Today we are seeing that same pressure in a different way, Just the other day I saw a piece on the 15,000 or so people who have lost their lives trying to flee Northern Africa by boat and dying at sea and nobody even knows about it. You have a huge refugee problem today and, frankly, Europe doesn’t know how to deal with it.
No one knows how to deal with it and it is bringing down governments who are too liberal and causing a nationalistic reaction of keeping our borders secure, which, of course, is important but not welcoming for the strangers and the people who are fleeing oppression.
There is just so much darkness, unfortunately, in the world and we Jews thought that it was over for us. You know, the Holocaust taught the world a lesson: Never Again! And here we are today in 2019 seeing pronouncements of pure antisemitism once again, every day. It’s in the papers, about how the Yellow Jacket movement in France has been talking about pure antisemitism, that it’s the Jews’ fault.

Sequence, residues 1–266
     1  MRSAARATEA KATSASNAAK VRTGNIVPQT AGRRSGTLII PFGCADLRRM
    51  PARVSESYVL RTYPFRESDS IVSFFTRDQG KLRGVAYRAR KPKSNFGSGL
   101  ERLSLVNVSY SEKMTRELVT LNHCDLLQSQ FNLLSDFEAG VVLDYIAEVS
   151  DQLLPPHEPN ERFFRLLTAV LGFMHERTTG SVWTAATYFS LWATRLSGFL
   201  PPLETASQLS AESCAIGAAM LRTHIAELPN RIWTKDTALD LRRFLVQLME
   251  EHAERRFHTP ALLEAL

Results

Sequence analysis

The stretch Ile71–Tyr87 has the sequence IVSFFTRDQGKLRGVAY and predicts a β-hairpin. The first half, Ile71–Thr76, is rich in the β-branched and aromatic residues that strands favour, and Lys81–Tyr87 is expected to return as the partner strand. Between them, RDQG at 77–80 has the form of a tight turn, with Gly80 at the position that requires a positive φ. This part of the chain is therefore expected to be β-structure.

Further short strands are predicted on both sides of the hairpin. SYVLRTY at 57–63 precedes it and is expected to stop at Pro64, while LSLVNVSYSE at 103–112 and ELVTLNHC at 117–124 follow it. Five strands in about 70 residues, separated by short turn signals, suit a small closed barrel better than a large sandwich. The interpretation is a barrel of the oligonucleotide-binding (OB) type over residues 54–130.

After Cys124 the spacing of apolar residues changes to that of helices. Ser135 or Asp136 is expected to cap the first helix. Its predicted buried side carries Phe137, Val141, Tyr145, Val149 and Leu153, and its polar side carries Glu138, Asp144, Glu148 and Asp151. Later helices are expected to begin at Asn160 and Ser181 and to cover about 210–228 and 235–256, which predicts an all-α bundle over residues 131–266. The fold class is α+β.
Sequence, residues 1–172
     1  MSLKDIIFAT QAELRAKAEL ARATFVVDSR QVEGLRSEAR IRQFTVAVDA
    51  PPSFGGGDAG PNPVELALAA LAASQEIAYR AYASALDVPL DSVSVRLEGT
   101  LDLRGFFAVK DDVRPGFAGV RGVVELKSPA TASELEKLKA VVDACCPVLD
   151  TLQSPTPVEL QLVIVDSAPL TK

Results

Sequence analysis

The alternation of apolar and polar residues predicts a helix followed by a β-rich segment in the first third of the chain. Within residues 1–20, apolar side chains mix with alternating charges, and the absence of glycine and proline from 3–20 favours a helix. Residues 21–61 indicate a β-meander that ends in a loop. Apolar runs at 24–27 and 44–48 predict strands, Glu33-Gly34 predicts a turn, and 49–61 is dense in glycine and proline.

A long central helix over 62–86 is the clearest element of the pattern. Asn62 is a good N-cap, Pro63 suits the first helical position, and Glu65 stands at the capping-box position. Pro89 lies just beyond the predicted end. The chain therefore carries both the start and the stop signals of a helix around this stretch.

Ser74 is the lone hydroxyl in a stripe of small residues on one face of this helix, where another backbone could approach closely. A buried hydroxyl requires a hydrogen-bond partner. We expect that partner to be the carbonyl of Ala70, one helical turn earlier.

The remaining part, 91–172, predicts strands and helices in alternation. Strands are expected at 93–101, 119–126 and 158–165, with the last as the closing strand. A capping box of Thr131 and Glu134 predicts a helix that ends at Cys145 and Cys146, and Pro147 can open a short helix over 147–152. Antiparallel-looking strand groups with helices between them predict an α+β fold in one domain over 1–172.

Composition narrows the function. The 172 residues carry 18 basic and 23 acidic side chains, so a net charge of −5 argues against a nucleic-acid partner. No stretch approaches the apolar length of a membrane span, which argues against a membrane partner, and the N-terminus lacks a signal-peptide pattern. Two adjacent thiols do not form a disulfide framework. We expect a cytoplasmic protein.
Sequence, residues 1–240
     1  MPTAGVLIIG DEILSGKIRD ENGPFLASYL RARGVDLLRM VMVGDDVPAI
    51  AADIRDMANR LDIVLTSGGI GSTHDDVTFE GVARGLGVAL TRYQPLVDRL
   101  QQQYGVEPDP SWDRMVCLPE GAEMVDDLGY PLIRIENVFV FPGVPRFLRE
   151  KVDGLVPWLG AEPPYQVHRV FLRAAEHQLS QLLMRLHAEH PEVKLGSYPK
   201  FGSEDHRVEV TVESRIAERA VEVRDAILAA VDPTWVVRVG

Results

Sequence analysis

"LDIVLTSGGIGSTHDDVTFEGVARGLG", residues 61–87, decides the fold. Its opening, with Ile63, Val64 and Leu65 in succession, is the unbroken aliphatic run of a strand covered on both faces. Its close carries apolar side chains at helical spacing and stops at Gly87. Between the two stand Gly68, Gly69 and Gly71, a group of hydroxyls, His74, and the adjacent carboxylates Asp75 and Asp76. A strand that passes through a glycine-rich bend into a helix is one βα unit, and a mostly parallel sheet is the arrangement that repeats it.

We have it in America too, and we never thought that it would get to America. England is where Christian Zionism started. I am not sure if people are even aware of that, but in the late 19th century, Christian Zionism started with Pentecostal Evangelical ministers and today some 110 years later or so, Christians Zionism is flourishing, which leads me to believe that all this is the work of God. Yes, I spent 36 years working and toiling and others did too, but ultimately if God wouldn’t bless it then it wouldn’t happen and God wants to bless such efforts. “How good and how pleasant it is when Brothers dwell together in peace!”
I believe that God is calling us all on a mission and in the case of Christians and Jews to do that mission together, to bring more light into the world of darkness, to help those who need their basic foods and medicines and heating. I am very grateful to God that He put me in this place, that He gave me this challenge, that He held my hand during the years because I was vehemently opposed by pretty much the entire Jewish community in those earlier years.